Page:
I was much happier with it once the diversity within the Greek system was fleshed out, how people are not defined exclusively by their organization. The main character, Cassie, was super aggressive at first; she got better as the book went on. While perhaps the Greek arc is mean to show character development, I was not a fan with some elements of how it was presented. At some points, it seemed cliché, but in others, it was spot-on. Also, she was so bitchy about sorority girls and really mean, despite calling herself a feminist. Every fraternity and sorority was painted as exactly the same.
At some points, Frat Girl felt like it was trying too hard to be funny but some elements had me laughing. Some of these included practicing shotgunning at 5 A.M. with sparkling water to practice for pledgeship (or playing water pong), or Cassie’s snappy email to the fraternity offering to teach them a sex-ed lesson from a girl’s perspective, answering questions that boys had. Those elements shone.
Also, I loved the truth of her discussion of parts of college like FOMO, like balancing friends from home and friends at school, trying to keep her academic work from being too overwhelming or worrying about classes. I loved the balance of her noticing that things are bad or problematic, but still enjoying them — and thus being morally conflicted. Roache got the balancing act down perfectly.
As the book went on, it did have many genuine and likable moments. Lines that I underlined because they were spot on about drinking culture or relationships or the strange dizziness of being away from home for the first time or growing up. Also, some of her points about sexual and gendered culture were thoughtful, although I wish they’d been presented differently. In some ways, it reminded me a bit of Winger, which is one of my favorite books.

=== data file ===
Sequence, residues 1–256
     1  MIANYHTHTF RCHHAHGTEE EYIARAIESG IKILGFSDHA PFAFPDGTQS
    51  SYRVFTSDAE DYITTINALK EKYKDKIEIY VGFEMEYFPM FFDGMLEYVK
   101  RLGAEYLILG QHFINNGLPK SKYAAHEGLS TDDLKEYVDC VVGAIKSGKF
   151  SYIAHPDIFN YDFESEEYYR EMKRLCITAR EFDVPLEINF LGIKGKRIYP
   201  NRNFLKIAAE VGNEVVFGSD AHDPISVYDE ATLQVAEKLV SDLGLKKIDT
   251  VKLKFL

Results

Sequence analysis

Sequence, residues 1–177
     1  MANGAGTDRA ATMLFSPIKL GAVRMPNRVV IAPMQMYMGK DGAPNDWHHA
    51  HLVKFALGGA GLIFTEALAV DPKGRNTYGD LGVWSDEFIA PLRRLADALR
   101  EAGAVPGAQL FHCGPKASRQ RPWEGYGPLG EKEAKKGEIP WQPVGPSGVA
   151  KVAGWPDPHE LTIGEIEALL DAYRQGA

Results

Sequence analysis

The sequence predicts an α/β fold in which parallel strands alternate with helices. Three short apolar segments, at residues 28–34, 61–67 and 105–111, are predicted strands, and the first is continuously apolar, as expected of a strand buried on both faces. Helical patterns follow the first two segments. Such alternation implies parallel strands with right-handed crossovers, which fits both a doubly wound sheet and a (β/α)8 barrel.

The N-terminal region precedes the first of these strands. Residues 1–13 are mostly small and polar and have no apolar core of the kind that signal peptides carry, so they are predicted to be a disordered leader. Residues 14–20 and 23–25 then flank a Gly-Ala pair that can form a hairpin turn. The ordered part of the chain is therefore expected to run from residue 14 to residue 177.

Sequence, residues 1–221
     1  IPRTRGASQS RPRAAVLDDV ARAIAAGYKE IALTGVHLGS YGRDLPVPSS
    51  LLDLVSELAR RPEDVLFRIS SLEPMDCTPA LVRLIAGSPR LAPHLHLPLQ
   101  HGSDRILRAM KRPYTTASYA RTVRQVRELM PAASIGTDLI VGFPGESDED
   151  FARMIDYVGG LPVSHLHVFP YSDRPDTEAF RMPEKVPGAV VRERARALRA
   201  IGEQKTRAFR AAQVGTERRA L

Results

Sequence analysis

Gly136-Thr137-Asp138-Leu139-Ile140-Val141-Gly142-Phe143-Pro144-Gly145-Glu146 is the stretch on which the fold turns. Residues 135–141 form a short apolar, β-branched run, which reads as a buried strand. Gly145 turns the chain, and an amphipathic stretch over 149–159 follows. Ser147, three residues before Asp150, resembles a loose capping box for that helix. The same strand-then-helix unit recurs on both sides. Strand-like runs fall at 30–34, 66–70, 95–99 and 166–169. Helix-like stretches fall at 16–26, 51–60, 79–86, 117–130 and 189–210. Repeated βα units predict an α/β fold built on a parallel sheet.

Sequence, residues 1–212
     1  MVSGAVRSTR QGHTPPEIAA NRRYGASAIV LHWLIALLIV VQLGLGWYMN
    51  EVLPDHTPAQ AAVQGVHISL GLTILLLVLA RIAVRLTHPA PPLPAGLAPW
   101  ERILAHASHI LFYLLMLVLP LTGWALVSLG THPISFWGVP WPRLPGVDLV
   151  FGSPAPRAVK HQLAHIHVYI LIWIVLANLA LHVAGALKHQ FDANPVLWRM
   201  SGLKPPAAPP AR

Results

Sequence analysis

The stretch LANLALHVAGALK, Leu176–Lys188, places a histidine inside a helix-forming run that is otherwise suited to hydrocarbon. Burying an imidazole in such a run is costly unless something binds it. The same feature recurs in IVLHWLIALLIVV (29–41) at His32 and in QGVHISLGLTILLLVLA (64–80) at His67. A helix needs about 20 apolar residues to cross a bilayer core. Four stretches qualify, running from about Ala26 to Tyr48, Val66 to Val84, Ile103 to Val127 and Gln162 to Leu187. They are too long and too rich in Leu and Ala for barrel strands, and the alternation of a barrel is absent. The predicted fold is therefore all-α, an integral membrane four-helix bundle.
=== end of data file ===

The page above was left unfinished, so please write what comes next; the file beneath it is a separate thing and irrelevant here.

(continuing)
Pacing-wise, the middle of the book could have had more going on, but some elements worked with the slowness. I loved her slow relationship building with the rest of the fraternity, as well as some of the friendships. The romance was sentimental and a little too sweet for my taste because Jordan, the love interest, didn’t seem to have much personality. But I loved how Roache tackled some of the bits of college relationships vs. high school relationships. Like, I loved Cassie’s hookup regret and confusion, and the figuring out what her own freedom and standards were. The end felt a little too quick and neatly for such messy setup and contradiction, but it was definitely a read that hit its stride later on.
Her rants about feminism and (often intellectual and academic) thoughts were clustered in ways that felt preachy, a few pages I’d find myself skimming over. I think those could have been broken up in significantly better ways; the mini-essays of sorts disrupted the pacing and felt condescending.
Frat Girl is like a social justice version of She’s the Man and Animal House that occasionally felt flat, but had enough breadth to keep me engaged. It’s super hit or miss. So yes, Frat Girl is flawed in a lot of ways. I don’t know if I’d buy it again, but I’d check it out from the library or borrow it just for exposure to some of the perspectives and conversations. And parts of it are giddy and fun.